Maps and Data

A Map of Freshwater

A Map of Freshwater

Freshwater is found in lakes, rivers, soil, snow, groundwater and ice, and is one of the most essential of Earth's resources, for drinking water and agriculture. However, the distribution of freshwater around the planet is changing.

Researchers used a pair of satellites called the Gravity Recovery and Climate Experiment, or GRACE, to track freshwater movement over the last fifteen years. The twin GRACE satellites were launched in 2002 as a joint mission between NASA and the German Aerospace Center (DLR). The two satellites precisely measured the distance between themselves to detect changes in Earth's gravity field caused by movements of mass on the planet below, caused by shifts in water and ice. They found that some regions' water supplies are relatively stable, others experienced increases or decreases.

Climate change has driven freshwater loss from the ice sheets at the poles, which has implications for sea level rise. Other areas saw groundwater depletions because of humans using water for irrigating crops or increases due to higher amounts of rainfall because of natural variability. Watch the videos to learn more.

 

Mini Lesson:

  1. Review the image below with students.  Note to them the three categories marked in the map: Climate Change, Human Activity, and Natural Variability.  
    Legend for Video

    The researchers found that a combination of natural and human pressures can lead to complex scenarios in some regions.
  2. Break students into three different groups; assign each group one of the categories of drivers of change in regional trends of freshwater storage (Climate Change, Human Activity, and Natural Variability).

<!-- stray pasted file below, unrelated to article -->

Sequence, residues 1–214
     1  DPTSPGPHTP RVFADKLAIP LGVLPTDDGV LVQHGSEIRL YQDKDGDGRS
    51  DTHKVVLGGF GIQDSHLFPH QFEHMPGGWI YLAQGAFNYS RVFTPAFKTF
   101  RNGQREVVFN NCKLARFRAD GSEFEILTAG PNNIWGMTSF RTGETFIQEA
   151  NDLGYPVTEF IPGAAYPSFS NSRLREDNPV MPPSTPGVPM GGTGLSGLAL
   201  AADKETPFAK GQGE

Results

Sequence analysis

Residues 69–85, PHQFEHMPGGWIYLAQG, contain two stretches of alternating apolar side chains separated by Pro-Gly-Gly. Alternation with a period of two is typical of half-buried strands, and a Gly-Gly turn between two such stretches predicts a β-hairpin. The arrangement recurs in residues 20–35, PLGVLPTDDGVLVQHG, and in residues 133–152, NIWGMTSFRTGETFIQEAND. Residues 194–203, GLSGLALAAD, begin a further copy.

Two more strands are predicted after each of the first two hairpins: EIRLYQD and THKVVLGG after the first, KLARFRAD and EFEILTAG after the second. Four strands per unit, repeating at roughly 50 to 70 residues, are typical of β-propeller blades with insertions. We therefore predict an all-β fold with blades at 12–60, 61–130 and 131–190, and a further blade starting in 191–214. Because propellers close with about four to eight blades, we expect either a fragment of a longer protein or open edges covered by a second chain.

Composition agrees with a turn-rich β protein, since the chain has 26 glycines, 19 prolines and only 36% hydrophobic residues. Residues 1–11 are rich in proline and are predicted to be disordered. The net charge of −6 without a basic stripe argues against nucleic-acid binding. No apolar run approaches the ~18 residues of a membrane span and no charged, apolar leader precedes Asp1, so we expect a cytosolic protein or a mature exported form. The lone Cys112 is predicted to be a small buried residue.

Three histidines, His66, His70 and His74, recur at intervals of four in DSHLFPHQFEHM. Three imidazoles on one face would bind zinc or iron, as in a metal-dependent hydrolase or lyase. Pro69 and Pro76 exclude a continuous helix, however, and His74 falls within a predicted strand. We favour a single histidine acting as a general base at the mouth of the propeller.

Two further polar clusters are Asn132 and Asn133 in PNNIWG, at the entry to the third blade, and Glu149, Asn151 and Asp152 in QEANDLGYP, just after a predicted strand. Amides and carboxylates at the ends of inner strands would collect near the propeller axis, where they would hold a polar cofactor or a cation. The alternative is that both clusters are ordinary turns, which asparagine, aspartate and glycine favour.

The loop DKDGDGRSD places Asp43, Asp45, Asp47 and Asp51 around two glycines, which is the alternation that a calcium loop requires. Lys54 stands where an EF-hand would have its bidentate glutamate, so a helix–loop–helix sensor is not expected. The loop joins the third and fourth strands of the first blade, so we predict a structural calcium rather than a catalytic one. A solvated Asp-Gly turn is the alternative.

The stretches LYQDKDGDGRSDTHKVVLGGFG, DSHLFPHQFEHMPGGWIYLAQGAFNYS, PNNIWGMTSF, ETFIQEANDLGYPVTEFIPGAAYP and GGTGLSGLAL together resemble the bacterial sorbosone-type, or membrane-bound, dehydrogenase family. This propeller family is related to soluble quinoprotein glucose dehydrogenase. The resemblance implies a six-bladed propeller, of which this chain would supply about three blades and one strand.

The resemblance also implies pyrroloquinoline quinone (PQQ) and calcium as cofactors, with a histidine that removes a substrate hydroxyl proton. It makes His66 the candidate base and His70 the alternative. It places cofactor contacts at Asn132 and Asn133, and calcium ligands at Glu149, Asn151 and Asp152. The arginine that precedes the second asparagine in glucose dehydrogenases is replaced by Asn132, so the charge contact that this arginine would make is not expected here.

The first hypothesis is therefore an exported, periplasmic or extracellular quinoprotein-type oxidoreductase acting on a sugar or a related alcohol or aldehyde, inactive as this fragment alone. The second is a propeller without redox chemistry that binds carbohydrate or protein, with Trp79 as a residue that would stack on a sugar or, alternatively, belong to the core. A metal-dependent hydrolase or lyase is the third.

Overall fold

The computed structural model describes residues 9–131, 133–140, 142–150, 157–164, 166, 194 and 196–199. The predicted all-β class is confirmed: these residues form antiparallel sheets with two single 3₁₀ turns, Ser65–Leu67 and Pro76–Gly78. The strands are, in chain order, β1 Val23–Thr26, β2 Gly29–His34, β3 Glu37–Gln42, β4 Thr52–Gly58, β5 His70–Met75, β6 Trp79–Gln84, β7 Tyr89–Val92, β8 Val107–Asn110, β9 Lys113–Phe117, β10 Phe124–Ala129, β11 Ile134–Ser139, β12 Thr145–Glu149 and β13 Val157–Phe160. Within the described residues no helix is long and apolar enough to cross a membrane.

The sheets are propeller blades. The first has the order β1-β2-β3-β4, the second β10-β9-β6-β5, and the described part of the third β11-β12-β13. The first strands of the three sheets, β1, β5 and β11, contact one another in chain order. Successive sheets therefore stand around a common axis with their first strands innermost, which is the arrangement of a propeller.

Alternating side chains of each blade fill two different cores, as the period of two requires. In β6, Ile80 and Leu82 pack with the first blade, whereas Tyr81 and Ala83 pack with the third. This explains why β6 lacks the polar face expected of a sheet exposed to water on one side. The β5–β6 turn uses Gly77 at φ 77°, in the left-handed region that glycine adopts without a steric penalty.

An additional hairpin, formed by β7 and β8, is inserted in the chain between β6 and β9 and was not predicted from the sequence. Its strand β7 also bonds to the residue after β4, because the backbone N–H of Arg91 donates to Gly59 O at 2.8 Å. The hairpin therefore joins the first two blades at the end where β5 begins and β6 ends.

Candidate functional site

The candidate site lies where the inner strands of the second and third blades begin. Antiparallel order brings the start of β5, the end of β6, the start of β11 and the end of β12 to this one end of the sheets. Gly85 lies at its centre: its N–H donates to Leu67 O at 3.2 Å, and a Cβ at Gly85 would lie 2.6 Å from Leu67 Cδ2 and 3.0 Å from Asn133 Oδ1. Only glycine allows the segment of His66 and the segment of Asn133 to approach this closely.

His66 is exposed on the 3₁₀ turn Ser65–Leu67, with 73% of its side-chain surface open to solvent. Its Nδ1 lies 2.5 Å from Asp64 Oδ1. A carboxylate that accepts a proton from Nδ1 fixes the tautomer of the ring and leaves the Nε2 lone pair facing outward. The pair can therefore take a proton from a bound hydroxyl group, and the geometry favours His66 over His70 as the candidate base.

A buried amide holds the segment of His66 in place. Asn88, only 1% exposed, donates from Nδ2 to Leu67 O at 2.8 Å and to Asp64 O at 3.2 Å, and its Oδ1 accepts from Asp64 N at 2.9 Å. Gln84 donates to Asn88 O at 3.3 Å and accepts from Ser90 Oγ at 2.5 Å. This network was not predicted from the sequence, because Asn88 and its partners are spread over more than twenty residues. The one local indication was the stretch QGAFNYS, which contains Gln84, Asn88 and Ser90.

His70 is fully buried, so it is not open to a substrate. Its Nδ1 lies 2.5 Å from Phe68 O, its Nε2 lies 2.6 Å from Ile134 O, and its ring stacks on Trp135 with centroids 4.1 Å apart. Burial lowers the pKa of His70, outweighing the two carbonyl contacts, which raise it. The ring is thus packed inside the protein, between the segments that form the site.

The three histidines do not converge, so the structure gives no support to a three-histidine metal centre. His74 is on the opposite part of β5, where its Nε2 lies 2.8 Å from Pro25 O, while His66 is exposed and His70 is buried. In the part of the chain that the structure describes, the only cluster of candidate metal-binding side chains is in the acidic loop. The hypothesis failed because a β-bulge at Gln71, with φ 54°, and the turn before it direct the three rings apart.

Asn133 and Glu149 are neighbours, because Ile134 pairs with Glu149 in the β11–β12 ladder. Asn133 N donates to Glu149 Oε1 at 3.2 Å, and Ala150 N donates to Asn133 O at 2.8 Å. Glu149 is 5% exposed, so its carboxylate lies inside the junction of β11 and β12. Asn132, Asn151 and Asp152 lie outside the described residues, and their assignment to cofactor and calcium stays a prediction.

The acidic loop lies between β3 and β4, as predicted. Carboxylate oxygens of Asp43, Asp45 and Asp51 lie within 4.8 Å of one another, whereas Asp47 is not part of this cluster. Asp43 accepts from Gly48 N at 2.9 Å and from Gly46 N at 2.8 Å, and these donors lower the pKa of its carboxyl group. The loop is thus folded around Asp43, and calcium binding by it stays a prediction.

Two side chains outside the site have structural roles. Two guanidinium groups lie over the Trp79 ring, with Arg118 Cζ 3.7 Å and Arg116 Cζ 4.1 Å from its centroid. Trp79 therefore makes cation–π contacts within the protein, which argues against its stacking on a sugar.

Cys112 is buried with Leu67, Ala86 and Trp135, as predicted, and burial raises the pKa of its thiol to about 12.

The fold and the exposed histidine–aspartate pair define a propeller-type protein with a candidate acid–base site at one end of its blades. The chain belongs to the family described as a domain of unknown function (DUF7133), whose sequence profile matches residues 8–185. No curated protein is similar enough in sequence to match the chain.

3. Have students brainstorm what each term means and predict what regions of the globe may experience a change in freshwater linked to this category.
    1. Direct students to work as a team to watch the video, looking for the shaded circles connecting regions to the different drivers of change.  Also, point out the time mark on the upper right. 
    2. Have students review this image and make predictions about what the blue and red colors mean based on prior knowledge.  Be sure to correct students who have misconceptions by explaining that the blues indicate areas of more freshwater than average; Reds indicate regions with less freshwater than average.
    3. Teacher Tip:  You may want to divide students on each team to observe a different part (e.g., continent) of the world to concentrate their observations.  Students will observe the region, date, and color (as well as gradient (light vs. dark) of the color. 
    4. Have them create a data table with these headers on the top of a sheet of paper.
  4. Show the following video.  Students work as a team to make observations.  Provide five minutes to share with their team.
  5. Next, jigsaw the teams.  Have students meet with other team members who share their same region (e.g., continent).  Allow five-ten minutes for students to share their observations and identify different processes in the Earth System that may be linked to these observations.

Leading questions:

  • What is the range of values shown on the scale bar?
  • Where in the world do you find the highest and lowest extreme values of the data in your images?
  • What patterns do you see? Is the data the same all over the world? How is the data the same or different when comparing land to water? Explain.

Finally, show them the annotated version of the NASA Video: